• Vegetable Lasagna

    Vegetarian Lasagna

  • Rhubarb Strawberry Crumble

    Rhubarb Berry Crumble

  • Vegetables, pasta and marinated tofu.

    Veggie & Tofu Bowl

  • Spicy Thai Noodle Soup

    Spicy Thai Noodle Soup

  • Halibut en Papillote

    Fish en Papiotte

  • Honeydew & Lime Sorbet

    Honeydew & Lime Sorbet

  • Photo by Caroline West

    Carrot & Orange Soup

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Vegetable Lasagna
Photo by Denise Marchessault

Vegetarian Lasagna

This nutrient-dense lasagna is chock-full of kale, sweet peppers, artichoke hearts, olives, and an assortment of cheese. It’s so good even meat-lovers will be asking for seconds. Lasagna can be made entirely in advance, so it’s ideal for entertaining. Plan to make it when you’re in the mood to putter in the kitchen because the [...]

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Rhubarb Strawberry Crumble
Photo by Denise Marchessault

Rhubarb Berry Crumble

Sweet strawberries and tart rhubarb are a classic pair, made all the better by a crisp, nutty topping. I’ve yet to meet anyone who doesn’t enjoy a fresh-from-the-oven crumble, topped with a scoop of creamy ice cream.  Think of it as homemade pie, without all the fuss. You can assemble this recipe in advance and [...]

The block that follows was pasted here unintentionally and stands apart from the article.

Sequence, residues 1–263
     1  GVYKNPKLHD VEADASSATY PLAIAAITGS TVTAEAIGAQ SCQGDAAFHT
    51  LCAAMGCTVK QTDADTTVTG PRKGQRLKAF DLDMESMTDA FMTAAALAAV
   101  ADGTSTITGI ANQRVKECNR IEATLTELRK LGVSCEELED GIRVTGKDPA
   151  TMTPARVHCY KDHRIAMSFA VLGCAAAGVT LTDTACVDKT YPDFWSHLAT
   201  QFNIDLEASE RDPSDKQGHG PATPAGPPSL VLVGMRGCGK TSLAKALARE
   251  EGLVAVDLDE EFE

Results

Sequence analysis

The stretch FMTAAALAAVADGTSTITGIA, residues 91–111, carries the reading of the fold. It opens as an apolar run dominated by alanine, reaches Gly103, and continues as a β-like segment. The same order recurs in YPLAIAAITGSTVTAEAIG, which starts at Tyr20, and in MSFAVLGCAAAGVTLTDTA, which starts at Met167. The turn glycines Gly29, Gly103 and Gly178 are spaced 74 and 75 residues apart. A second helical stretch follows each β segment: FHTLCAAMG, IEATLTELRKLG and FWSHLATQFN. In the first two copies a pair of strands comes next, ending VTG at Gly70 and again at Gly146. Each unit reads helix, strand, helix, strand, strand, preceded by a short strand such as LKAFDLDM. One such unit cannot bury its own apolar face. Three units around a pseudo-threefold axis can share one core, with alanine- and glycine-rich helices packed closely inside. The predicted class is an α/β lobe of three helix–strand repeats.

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Vegetables, pasta and marinated tofu.
Photo by Denise Marchessault

Veggie & Tofu Bowl

This simple but addictive tofu and pasta dish is happily adaptable to any vegetable. The secret is in the sauce: a quick mixture of soy sauce, white wine vinegar, garlic, and ginger. I keep a jar of extra sauce in the fridge, because you never know when your veggies might need a little cheering. (Omit [...]

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A message to the reluctant cook,

Sometimes you’ll scorch the rice, burn the sugar or overwork the dough.  You might under-cook, over-salt or overcrowd the pan.

I’ve made all these mistakes and plenty more.

But with every blunder, a new lesson unfolds. Knowing what NOT to do is as important as knowing what to do. If your cooking history is, um, colourful, consider yourself ahead of the curve.

With practice, you’ll learn to trust your senses:

Touch your food.  You’ll feel when the dough is ready or when the meat is perfectly cooked.

Smell  your food. Your nose knows if the fish is fresh or funky — or when the garlic’s about to burn.

Listen to the sizzle and the sputter.  It’s telling you if your pan’s the right (or wrong) temperature.

Watch your food. It’s always perfect — just before it burns.

Taste as  you cook.  You’ll know if the soup needs a pinch of salt or a squeeze of lemon.

Most importantly, relax and enjoy the pleasures of the kitchen. And have a glass of wine while you’re at it.

Just don’t toss in the apron!

Denise Marchessault